Zing Vodka originated in 2012 with Phil finding a bottle with a rare feature: It lit up from the inside. Says Phil, “So I brought the idea to my brother Gavin and he said, ‘What? Another vodka? Are you kidding?’ ” Knowing that sometimes the hardest sell is internal, Phil persisted. Though Gavin is listed as the Zing CEO, he says, “It’s Phil’s baby.” Mother Colleen got in on the act too. Her red velvet cake had long been a family favorite, so in time a vodka was made with a hint of that flavor. And while there’s also a premium vodka brand in the Zing family, it’s clear Red Velvet is the one Phil fancies.
For the afternoon rounds, he’s changed into Zing regalia of red polo shirt, black jeans and red-and-black Nikes. Others in the Zing team are dressed similarly as they enter Roy’s Liquor, a store in Las Vegas’ affluent Summerlin area that also houses $25,000 worth of cigars.
“Roy, Roy, how are you, my friend?” asks Phil as he pumps owner Roy Boulos’ hand. Once a month or so, Boulos and Phil sit down over a cigar. Says Boulos, “A Zing, a smoke, it’s very nice to spend time with Phil.”
Bottles of Red Velvet are lined up. Customers drop in. The brightly lit red bottle is unavoidable to anyone’s eye. “What’s that?” asks a blonde woman.
Says Phil, “This is something that all the good-looking people like yourself are drinking.” She tries it. Likes it. Buys it. Let history determine which uncle most shaped Phil’s style.
But while the face-to-face contact phase makes Maloof’s work life seem incredibly easy, there’s a whole other aspect to the business of spirits that’s quite labor-intensive. One afternoon in Los Angeles Maloof asked a liquor store owner if he could place a large Zing sign in his window. Sure, said the proprietor. Just remove the sign that’s already there. To scrape, clean and remove the sign took Phil and his colleague Lindsay Mann 12 hours over a three-day period. But once it was over, Zing stood front and center. Says Gavin, who along with Joe would personally call thousands of Sacramento Kings season-ticket holders each year, “We believe in hands-on engagement. It’s our only way.”
Off now with Phil, Mann and team Zing to La Casa, an elegant cigar lounge that this week also features a wide range of music—Latin jazz, soul and, this being Las Vegas, the songs of Frank Sinatra and Dean Martin sung by actor David DeCosta (who starred as Sinatra in the play “Sandy Hackett’s Rat Pack Show”). Phil houses some of his cigars in La Casa’s 90 lockers. Still working on his Alec Bradley Prensado, Maloof checks in with La Casa general manager Jaxx Guevera. “He’s very generous,” says Guevera, “always sharing his vodka, always bringing in beautiful women.”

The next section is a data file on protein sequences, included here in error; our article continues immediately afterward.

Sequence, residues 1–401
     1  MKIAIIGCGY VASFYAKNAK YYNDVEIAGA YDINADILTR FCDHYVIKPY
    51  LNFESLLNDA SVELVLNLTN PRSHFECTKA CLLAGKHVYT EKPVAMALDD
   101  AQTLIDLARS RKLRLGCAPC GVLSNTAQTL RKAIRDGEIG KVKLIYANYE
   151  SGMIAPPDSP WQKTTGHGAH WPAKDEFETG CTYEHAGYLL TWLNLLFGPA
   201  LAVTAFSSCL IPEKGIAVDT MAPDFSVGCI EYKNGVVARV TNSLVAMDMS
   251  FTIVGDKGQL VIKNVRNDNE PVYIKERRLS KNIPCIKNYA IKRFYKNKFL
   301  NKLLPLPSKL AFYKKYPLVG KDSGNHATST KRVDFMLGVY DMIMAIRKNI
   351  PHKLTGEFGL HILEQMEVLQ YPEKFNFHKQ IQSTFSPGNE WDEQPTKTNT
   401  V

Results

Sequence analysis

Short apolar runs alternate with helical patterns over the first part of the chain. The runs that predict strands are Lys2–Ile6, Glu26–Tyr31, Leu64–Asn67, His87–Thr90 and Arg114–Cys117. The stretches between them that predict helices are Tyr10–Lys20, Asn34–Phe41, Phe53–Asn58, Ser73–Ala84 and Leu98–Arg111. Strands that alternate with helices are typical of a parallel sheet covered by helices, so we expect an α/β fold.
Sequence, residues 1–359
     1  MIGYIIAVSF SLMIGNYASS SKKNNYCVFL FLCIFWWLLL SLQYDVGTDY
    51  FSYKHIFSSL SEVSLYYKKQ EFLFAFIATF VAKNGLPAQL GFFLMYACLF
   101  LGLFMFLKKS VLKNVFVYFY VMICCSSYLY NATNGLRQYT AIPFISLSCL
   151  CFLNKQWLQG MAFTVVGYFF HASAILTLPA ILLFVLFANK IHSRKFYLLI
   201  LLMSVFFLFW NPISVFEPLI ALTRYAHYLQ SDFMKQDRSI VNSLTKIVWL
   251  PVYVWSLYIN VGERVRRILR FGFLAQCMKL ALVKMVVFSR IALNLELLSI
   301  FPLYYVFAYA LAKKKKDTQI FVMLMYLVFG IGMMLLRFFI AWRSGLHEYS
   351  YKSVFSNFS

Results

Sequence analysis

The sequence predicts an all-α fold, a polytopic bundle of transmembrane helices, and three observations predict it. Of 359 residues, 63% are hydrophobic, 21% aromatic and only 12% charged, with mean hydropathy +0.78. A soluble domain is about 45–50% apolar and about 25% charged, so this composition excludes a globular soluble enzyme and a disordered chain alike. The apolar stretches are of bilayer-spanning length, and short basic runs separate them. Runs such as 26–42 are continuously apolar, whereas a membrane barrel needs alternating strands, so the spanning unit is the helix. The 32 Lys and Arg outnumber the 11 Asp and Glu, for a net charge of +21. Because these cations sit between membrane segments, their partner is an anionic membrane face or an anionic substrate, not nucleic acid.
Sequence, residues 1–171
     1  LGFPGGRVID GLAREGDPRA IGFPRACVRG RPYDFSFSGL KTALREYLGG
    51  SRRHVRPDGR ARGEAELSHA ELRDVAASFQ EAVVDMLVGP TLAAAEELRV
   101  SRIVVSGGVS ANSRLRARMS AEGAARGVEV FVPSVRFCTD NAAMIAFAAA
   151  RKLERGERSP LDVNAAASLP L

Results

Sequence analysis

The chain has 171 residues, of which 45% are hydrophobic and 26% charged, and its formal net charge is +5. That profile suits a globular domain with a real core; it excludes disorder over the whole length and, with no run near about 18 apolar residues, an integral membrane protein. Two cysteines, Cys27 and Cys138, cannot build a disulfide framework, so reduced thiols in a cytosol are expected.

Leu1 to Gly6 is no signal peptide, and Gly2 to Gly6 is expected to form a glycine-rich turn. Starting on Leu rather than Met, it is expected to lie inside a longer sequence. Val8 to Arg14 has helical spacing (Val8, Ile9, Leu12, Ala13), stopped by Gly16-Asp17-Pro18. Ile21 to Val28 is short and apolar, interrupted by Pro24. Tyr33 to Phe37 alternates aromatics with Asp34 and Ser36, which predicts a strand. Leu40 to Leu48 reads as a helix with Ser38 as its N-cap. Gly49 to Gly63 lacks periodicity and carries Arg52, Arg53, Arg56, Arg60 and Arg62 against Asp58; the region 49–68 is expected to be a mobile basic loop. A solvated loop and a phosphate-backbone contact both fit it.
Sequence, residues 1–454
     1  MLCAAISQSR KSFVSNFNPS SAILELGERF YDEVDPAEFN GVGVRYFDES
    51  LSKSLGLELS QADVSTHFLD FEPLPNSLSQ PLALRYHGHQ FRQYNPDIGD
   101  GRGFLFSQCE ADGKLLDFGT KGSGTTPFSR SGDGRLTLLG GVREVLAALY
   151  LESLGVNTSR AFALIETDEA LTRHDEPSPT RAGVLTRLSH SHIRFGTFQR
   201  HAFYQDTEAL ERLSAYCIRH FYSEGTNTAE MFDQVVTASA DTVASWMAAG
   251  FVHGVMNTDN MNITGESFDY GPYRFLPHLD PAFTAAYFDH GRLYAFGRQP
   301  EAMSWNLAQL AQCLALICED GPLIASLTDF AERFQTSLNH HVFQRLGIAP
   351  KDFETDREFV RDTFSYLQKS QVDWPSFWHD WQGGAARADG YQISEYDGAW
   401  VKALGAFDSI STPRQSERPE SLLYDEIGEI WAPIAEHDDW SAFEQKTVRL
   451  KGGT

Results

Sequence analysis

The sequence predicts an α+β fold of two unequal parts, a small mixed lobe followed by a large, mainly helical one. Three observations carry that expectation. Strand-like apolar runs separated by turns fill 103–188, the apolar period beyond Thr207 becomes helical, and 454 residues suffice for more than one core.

Two setbacks have also left their mark on Maloof. His childhood hero was Dallas Cowboys quarterback Roger Staubach, the Dallas Cowboy quarterback who, like Maloof, was exceptionally mobile, his lively feet earning him the nickname, “Roger the Dodger.” By age 10 Maloof had a quarterback coach, went on to attend Joe Namath Football Camp and spent hours honing his footwork and throwing motion. After commanding his high school team, Maloof hoped to start at New Mexico State but was beaten out for the spot by Phil Vinson, a bigger, stronger player. Turning defeat into opportunity—yes, another pet motivational saying—Maloof vowed to be the best possible backup. Admittedly indifferent to his schoolwork, Maloof devoutly studied the team’s playbook and did anything his coach asked.
After working in the family liquor business for several years, in 1994 Maloof entered politics and for six years Maloof was a New Mexico state Senator. Maloof is a Democrat, describing himself as liberal, proud of having brought a new community pool to his district and also drafting several criminal reform bills. In 1998 he ran for Congress, only to lose in a run-off election to Heather Wilson. “I really thought I could outwork anyone,” he says. “But she worked pretty hard too. That was tough, but you move on.” By 2000 he’d relocated to Las Vegas.
True to the family credo espoused by Joe, Phil and team Zing have commandeered two tables at Piero’s, an Italian restaurant so iconic and old school that several scenes from Martin Scorsese’s mob film Casino were shot there. Phil’s excited that he’ll have the chance to dine with his brothers. “Did you hear?” he asks. “Joe hit eight stores, went eight for eight.”
At a round table for 10, Phil sits, bracketed by two liquor wholesalers. Joe’s two seats to his left, Gavin across. Says Gavin, “We take our business personally. We hate to lose. We’re killers. Our dad taught us that when you go into an account, break some glass.” All the while he is smiling as Joe nods and laughs in agreement.
Joe praises his kid brother, adding that, “Phillip was the best athlete.” Phil demurs, then points to Gavin and says, “No, he was the best athlete.” Joe now offers a piece of his steak to Phil. “Just a little,” says Phil, “just a little.”
Each of the brothers glances at the four large TV screens hanging over the bar. “Enough of that,” says Phil, “back to my friends.”
The song “As Time Goes By” softly pipes it’s way through Piero’s speakers. “It’s still the same old story/A fight for love and glory/A case of do or die.” Piero’s owner Freddie Glusman drops by. Glusman’s the consummate Las Vegas insider, a resident for more than 50 years who was once married to actress Diahann Carroll and has likely always (well, mostly) struck the right balance between blarney and discretion. Glusman shakes hands with the Maloof party, ruffles Phil’s hair the way your favorite uncle would. “I’ve known this boy since he was this high,” says Glusman. Joe laughs. “Anyone want dessert?” asks Phil. Fifteen minutes later, Phil points his index finger in the air and makes a rapid circle motion. Team Zing rises and departs.
Smoking cigars with friends means a lot to Phil Maloof. But as much as he savors the company of others, his best times with cigars come strictly by himself. At the end of the day, deep in to the night, he’ll sit in front of the TV and, cigar in hand and mouth, begin the slow process of unraveling. “The cigar is a journey,” he says. “It puts you in another place, takes the edge off. It’s a real mellow feeling.”
And from that place on the couch, one day gone, the other still to come, Maloof lets himself savor his life and business, family and friends, past and present all together. But best of all, Maloof’s passion is for the future. William Shakespeare is the source for what might well be his favorite saying of them all: The golden age is before us, not behind us.
Oakland-based Joel Drucker is the author of the book Jimmy Connors Saved My Life.